What to Do with Broken Headphones
If you’re not sure how headphones work, it’s time to brush up. You can check out our post about headphone tech to learn more about the inner workings of your trusty earbuds.
It happens. You’re minding your own business, jamming out to some tunes, and suddenly there’s a snap or a crack or a pop – and the music goes silent. It usually means at least one of the earbuds has broken off inside your ear canal. Or maybe you tugged just a little too hard on that tangled cord – and it broke in your hand.
Is there anything more frustrating than having a trusty pair of headphones suddenly break on you? Whether the cord is frayed or the earbuds are torn, it can be a real headache to figure out what to do with them. Is there anything more frustrating than having a trusty pair of headphones suddenly break on you? Whether the cord is frayed or the earbuds are torn, it can be a real headache to figure out what to do with them.
So the question arises, “what to do with broken headphones?”
Now you don’t need to worry about it. Here is the solution to all your headphone problems, whether you have broken headphones or frayed ones.
How Do Headphones Work?
Headphones, also known as earphones and earbuds, are small audio speakers that fit in or on your ears. They come in a couple of different styles: over-ear headphones and in-ear headphones.
Over-ear headphones (also called circumaural) go around the outside of your ear and have cushioned pads to make a seal. This type of headphone is usually more comfortable and isolates better, but it takes up a lot more space in your bag.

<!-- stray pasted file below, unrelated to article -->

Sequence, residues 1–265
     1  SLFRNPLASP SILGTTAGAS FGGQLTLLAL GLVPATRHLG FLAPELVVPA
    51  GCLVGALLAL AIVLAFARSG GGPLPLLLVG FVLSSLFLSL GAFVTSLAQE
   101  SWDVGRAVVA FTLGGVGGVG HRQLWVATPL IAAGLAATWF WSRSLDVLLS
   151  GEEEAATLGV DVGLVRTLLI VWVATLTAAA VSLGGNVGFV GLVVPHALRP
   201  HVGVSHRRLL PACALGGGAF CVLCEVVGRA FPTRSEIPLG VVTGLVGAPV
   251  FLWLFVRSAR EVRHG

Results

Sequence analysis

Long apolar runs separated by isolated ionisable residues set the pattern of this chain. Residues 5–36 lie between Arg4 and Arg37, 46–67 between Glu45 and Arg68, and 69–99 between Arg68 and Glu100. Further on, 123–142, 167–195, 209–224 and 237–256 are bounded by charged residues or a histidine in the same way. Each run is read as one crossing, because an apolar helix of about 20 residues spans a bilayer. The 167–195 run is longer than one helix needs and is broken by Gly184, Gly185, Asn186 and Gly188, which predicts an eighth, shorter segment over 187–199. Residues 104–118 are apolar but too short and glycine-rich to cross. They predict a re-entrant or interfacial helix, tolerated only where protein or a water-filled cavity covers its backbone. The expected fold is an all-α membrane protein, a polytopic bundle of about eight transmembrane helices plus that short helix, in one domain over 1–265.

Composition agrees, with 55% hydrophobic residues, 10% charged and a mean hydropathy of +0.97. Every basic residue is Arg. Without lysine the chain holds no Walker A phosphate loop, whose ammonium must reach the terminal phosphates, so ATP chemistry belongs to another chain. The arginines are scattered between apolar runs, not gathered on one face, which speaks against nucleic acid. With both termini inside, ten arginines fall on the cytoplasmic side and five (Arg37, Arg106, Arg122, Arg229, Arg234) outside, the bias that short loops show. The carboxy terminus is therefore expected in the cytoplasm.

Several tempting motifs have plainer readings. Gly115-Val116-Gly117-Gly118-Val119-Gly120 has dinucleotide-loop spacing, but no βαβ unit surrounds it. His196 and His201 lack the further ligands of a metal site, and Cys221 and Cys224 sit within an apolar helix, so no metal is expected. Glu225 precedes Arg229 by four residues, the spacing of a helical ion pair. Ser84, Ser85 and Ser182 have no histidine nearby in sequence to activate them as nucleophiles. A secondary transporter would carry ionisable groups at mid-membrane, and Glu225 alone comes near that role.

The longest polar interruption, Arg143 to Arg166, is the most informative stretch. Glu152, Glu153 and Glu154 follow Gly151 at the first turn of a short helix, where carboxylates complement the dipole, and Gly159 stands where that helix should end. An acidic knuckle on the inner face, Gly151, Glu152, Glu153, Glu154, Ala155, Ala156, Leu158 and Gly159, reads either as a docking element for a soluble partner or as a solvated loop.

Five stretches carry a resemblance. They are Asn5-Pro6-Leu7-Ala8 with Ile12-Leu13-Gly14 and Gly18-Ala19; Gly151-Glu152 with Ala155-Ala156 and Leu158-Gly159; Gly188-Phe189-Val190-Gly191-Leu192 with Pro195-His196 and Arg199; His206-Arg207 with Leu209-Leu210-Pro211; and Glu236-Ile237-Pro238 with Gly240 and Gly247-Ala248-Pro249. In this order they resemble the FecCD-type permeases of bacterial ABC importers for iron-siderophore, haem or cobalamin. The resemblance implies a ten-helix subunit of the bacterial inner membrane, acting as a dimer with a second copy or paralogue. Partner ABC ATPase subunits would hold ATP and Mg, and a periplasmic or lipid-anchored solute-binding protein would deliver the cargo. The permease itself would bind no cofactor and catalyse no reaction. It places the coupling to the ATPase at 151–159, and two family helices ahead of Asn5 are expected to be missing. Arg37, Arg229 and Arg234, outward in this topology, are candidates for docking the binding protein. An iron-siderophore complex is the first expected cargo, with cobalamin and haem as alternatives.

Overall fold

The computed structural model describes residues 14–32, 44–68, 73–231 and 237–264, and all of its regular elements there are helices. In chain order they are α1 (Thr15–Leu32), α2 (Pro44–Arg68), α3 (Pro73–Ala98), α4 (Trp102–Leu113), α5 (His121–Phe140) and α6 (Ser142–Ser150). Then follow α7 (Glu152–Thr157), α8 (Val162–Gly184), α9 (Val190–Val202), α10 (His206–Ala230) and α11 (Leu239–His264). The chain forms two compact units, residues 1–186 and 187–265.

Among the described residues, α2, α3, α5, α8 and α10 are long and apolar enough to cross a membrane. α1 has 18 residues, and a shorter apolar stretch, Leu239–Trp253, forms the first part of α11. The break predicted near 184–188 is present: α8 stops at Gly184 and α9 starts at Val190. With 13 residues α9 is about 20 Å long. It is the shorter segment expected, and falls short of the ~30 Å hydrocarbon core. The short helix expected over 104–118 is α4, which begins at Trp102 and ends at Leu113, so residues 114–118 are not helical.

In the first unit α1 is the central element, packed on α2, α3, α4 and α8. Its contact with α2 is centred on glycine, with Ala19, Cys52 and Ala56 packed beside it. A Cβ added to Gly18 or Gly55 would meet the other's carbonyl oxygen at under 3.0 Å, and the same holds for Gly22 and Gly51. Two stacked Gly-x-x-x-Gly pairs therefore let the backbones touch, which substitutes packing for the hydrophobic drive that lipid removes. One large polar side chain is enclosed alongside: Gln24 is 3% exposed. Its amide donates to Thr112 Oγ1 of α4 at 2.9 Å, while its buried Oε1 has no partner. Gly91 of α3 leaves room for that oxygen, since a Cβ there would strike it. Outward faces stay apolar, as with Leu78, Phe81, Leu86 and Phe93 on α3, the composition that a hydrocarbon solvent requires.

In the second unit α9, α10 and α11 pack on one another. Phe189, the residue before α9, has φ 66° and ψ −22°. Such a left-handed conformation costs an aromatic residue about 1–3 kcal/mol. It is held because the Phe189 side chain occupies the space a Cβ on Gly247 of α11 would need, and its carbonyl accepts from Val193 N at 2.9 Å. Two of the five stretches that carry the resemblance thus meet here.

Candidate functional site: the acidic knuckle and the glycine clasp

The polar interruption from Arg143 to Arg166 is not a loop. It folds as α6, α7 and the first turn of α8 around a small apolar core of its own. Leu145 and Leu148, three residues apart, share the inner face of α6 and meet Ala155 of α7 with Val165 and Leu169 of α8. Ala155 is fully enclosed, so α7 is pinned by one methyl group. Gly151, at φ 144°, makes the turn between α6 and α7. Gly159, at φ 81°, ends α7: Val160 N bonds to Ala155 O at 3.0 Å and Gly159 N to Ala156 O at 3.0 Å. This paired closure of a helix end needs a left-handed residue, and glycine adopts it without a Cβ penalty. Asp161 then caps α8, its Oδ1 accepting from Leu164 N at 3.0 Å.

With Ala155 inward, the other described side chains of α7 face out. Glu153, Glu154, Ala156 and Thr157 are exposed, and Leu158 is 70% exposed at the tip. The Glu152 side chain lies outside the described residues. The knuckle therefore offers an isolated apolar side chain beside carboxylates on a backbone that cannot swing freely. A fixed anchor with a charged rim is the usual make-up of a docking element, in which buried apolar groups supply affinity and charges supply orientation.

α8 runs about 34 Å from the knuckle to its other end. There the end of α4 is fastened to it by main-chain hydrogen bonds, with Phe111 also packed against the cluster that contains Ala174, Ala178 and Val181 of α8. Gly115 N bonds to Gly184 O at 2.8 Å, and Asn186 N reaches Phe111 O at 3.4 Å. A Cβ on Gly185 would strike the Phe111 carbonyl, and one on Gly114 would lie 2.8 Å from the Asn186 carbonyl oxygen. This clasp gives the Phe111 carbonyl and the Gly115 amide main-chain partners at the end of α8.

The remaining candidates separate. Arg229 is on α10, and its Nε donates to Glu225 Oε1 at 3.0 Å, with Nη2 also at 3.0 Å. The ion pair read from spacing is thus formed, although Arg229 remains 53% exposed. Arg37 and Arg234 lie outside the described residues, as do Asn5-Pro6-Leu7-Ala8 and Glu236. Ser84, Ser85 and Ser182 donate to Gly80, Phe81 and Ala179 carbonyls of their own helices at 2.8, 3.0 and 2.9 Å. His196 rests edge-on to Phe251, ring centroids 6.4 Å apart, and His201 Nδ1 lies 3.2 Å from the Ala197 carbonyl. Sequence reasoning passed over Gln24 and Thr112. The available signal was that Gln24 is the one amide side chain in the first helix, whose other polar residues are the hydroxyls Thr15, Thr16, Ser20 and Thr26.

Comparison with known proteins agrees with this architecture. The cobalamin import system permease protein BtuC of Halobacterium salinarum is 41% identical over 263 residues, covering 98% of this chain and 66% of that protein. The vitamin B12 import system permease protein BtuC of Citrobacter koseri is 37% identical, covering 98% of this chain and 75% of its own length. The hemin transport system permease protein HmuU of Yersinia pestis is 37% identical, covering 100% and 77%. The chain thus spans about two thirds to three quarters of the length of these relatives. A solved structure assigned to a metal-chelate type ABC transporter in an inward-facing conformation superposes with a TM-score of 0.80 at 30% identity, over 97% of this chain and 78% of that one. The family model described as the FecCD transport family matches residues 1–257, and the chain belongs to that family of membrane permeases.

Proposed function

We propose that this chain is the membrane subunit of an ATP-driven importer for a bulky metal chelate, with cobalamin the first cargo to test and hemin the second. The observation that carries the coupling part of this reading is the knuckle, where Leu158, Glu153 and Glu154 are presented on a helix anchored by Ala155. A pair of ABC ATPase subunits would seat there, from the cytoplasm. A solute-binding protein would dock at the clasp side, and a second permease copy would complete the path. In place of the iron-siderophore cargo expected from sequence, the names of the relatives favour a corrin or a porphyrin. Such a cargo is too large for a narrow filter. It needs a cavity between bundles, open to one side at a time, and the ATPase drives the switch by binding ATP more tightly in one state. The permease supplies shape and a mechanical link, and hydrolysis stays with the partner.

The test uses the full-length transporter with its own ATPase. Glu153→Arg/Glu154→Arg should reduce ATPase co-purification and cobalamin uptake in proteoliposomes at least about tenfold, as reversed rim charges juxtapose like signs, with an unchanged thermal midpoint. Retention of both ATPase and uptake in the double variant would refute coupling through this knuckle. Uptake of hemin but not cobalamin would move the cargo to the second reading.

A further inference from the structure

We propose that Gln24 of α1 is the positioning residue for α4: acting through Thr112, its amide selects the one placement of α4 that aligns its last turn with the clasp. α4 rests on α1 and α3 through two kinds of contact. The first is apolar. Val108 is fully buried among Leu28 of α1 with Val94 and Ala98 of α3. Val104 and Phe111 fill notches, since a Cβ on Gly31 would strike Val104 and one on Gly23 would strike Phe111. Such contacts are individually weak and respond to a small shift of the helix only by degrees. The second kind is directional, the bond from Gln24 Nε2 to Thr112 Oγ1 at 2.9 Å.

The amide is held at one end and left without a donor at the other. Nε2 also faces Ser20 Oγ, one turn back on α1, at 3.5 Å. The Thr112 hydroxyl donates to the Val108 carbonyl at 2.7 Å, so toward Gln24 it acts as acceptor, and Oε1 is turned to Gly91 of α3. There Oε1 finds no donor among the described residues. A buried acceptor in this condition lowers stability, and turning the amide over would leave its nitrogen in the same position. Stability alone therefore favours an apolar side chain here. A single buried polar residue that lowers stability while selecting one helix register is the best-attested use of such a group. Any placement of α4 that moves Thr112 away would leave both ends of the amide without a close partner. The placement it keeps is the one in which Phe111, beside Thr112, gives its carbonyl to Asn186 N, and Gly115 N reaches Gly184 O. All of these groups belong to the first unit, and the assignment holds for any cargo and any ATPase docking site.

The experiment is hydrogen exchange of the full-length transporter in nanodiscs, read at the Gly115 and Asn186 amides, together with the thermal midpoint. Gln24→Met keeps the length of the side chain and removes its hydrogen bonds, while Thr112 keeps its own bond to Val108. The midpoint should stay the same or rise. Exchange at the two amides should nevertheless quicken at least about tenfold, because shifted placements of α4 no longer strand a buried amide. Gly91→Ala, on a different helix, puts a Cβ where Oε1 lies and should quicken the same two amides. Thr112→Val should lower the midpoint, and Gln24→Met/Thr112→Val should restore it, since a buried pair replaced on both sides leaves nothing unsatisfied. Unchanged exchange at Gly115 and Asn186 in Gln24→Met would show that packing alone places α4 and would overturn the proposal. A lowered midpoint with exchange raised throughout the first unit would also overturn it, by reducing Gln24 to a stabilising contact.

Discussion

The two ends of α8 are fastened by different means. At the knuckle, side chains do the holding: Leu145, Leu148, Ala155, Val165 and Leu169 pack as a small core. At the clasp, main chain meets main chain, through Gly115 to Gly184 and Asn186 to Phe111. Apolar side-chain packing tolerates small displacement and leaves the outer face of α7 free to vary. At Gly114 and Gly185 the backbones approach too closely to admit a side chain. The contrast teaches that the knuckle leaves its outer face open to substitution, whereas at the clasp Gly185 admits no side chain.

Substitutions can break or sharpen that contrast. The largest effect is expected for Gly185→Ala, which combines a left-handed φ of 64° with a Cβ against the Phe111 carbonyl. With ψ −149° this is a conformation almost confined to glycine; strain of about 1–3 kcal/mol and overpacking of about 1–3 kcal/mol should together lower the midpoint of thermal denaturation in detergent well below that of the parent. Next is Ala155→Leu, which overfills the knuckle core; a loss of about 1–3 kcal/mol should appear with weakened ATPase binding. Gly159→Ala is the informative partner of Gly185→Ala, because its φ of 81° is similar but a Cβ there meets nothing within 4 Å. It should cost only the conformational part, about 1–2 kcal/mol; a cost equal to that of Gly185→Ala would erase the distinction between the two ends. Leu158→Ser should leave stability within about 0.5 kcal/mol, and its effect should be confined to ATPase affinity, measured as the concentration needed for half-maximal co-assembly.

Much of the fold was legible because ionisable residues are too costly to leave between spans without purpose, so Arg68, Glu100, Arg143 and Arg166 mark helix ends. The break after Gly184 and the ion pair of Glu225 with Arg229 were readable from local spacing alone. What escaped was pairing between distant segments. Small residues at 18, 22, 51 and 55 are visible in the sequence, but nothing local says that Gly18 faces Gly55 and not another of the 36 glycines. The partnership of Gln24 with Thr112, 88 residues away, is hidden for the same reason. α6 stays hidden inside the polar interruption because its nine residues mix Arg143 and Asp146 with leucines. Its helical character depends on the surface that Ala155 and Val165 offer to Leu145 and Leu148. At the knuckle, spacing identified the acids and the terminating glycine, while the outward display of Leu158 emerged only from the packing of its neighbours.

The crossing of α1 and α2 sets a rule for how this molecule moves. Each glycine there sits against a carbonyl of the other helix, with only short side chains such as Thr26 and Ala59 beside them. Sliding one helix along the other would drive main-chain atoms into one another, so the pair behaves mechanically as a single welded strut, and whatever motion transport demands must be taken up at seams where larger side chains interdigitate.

In-ear headphones (or earbuds) fit in the opening of your outer ear and are held in place with plastic or rubber tips that form a seal inside your ear canal. They’re smaller and more portable than over-ear headphones.
How to recycle headphones?
Headphones are made of many different components and materials that shouldn’t just be thrown in the trash. Luckily, there are a lot of ways to recycle old headphones and give them new life. We’ve highlighted some ways you can reuse your broken headphones and keep them out of landfills.
A few examples:
1) Headphone earpiece cushions can be replaced. You can also make them new by using Velcro or foam ear pads
2) Headphone cables are easy to replace and there many online stores that offer cheap replacement cables
3) Use broken headphones as a coiled snake for your desk
4) If the headphone is completely busted, you can use them as a cord organizer.
So now you know what to do with broken headphones. With these tips, your old pair of headphones can be as good as new in no time.
What to Do with Broken Headphones – Step by step guide 2022
You don’t have to throw out your old pair of broken headphones even when they break. You can fix them back easily and perfectly by using a few spare parts or DIY tricks. Here’s how:
Step 1: Fix Ear Pads